Mroueh cited an Australian archeologist, Dr. Barry Fell, a marine biologist who claimed to find extensive archeological evidence of a significant Muslim presence in the New World in his book, Saga America. Fell drew parallels between West African peoples and Native Americans in the southwest, including cultural and linguistic similarities, and the existence of Islamic petroglyphs in the southwestern region. In particular, Fell mentioned a carving that he believed was done centuries before Columbus that states in Arabic: “Yasus bin Maria” (Jesus son of Mary), a phrase commonly found in the Koran.

Fell’s claims though have been ridiculed by professional archaeologists. They were enraged by his claims, deriding not only his findings, but his inflexible and rigid presentation of them, without the usual caution that characterizes academic pronouncements. Fell’s methods came into question, as detractors noted: “His claims for scientific rigour might hold for marine biology, but when it comes to archaeological interpretation, he ignored the usual rules of evidence.” (Keith Fitzpatrick-Matthews, Cult and Fringe)

Other claims have been similarly criticized. In 2002 the Middle East Policy Council published the Arab World Studies Notebook, a teacher’s guide to understanding and teaching students about Arab culture. The text claims that Arab explorers came to America in advance of Columbus, marrying Algonquin Indians whose descendants eventually became tribal chiefs with names like Adbul-Rahim and Abdallah Ibn Malik. The Notebook and its editor, Audrey Shabbas, came under intense fire for failing to provide corroborating evidence. According to the Washington Times, Shabbas and the Council were slow to respond to concerns from various sources. Peter DiGangi, director of Canada’s Algonquin Nation Secretariat calls her claims “outlandish” and says that “nothing in the tribe’s written or oral history supports them.”

Another critique came from William Bennetta, professional editor and President of the Textbook League. Bennetta referred to the text’s “flights of pseudo historical fakery.” Among other issues, he called the Notebook to task for offering no support for its claim that the Americas were seemingly full of Muslims and Muslim descendants when Columbus arrived. He noted that the Notebook does not even name the English explorers who supposedly found the Algonquin chiefs. Bennetta wrote to Shabbas to inquire about some of the unsubstantiated claims in the Notebook, and while he received a reply, “she didn’t send me [Bennetta] any citation. She made some evasive claims about some published ‘works’.”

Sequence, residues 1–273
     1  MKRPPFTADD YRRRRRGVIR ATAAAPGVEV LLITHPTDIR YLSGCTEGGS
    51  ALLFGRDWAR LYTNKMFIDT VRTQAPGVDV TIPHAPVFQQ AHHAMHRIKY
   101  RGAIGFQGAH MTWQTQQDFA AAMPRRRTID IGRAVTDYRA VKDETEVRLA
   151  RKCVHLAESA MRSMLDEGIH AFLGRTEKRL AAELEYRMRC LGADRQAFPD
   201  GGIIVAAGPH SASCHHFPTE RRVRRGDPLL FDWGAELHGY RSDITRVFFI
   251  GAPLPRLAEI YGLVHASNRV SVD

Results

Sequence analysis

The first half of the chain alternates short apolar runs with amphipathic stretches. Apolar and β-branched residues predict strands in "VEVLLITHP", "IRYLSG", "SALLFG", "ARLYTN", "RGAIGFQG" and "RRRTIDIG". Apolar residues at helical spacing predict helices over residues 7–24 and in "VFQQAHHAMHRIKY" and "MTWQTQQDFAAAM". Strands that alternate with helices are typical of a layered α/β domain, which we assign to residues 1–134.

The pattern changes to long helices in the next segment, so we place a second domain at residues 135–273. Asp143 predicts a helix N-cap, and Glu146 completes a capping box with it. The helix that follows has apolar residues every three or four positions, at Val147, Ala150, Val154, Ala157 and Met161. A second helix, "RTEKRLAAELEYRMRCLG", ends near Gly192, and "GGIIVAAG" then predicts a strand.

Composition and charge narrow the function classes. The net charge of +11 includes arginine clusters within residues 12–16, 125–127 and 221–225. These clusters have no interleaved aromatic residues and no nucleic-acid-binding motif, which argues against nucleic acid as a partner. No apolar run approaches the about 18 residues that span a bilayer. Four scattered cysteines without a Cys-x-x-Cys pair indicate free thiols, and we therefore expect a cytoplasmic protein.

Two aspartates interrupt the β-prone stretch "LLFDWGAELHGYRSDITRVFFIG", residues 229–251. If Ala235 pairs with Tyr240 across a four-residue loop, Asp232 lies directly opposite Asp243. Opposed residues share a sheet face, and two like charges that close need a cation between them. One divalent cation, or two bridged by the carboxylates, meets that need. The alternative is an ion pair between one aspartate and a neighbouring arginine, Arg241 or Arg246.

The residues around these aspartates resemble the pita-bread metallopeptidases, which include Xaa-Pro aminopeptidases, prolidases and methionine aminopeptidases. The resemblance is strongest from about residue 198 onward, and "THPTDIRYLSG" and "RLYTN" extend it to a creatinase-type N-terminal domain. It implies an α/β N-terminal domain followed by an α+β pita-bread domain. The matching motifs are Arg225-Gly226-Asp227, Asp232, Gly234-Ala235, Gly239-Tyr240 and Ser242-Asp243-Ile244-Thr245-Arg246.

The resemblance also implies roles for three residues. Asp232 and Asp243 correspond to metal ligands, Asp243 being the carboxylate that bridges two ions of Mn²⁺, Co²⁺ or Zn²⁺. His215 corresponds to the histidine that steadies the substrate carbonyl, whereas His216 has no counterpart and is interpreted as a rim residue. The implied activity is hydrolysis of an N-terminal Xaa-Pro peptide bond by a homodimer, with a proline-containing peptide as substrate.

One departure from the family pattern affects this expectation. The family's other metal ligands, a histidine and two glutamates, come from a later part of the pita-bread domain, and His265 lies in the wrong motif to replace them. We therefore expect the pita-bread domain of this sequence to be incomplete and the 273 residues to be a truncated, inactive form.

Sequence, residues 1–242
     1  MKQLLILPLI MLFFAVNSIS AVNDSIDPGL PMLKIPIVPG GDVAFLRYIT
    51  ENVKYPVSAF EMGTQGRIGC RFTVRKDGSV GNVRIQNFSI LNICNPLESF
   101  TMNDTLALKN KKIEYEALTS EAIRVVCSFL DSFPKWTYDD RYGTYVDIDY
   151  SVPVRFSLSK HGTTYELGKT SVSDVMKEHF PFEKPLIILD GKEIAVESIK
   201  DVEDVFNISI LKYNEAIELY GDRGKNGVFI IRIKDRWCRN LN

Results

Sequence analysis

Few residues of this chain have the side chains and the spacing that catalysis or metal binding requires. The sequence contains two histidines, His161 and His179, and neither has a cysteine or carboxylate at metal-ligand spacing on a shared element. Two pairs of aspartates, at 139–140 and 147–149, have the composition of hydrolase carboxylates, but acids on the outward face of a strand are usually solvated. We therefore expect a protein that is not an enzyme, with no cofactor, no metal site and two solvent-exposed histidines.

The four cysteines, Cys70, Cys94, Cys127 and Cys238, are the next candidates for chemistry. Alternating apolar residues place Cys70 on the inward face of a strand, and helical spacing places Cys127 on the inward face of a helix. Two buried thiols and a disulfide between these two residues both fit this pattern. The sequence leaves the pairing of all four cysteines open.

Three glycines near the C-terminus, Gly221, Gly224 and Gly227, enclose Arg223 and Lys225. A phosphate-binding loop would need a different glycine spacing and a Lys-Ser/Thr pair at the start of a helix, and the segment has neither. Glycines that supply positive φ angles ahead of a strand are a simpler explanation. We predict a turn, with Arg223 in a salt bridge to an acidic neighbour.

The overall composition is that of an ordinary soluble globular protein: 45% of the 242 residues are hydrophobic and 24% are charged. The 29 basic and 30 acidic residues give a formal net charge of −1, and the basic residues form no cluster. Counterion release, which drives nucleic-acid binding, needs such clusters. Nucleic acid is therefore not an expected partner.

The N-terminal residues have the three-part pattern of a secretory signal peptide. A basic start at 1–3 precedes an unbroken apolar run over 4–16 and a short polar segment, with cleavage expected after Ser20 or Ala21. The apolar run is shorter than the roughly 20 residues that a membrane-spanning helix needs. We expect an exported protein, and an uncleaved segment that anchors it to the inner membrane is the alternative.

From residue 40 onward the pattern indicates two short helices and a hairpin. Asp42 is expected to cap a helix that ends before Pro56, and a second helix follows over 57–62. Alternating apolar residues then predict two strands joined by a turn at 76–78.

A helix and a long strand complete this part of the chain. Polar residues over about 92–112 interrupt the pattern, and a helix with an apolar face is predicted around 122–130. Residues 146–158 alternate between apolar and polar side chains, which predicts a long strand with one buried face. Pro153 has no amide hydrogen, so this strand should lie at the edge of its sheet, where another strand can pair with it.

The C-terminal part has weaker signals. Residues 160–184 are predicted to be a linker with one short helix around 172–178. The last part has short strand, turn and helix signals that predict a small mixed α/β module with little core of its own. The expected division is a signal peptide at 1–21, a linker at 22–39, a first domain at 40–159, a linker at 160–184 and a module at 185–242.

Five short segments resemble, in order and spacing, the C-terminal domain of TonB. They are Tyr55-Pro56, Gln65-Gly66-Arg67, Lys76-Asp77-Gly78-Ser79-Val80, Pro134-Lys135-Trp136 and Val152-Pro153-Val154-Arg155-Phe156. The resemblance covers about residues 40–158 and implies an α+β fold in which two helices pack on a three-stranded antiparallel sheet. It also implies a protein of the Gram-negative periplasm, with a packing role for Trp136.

In an article featured at David Horowitz’s frontpagemag.com in 2004, David Yeagley, adjunct professor at the University of Oklahoma, called the Notebook “intellectual genocide on American Indians,” noting that the authors “simply created an Indian story to suit the purposes of the advocacy group, and published it in a school text manual as fact.” Yeagley believed that Shabbas and the other authors were simply trying to gain acceptance for Arabs, further integrating them into American culture by making them ‘native.’ Shabbas also came under fire from the conservative Thomas B. Fordham Foundation, which published a report called “The Stealth Curriculum: Manipulating America’s History Teachers.” The report was critical of many sources that are used by history teachers, noting that sometimes there is no way to ascertain the accuracy of materials provided for teachers. In particular, the report referred to the Notebook as “propaganda.”

Turkish President Erdogan is conveying pure hokum, ‘meaningless nonsense’ claiming that Muslims discovered America in 1178 and not alleged crypto Jew Columbus in 1492. But if anyone deserves credit for discovering America  we have archeological proof that Norseman Leif Ericksson may have discovered America  half a millennia earlier around 1000 C.E. given the settlement uncovered  at L’Anse aux Meadows on the northern tip of the island of Newfoundland.

Also see: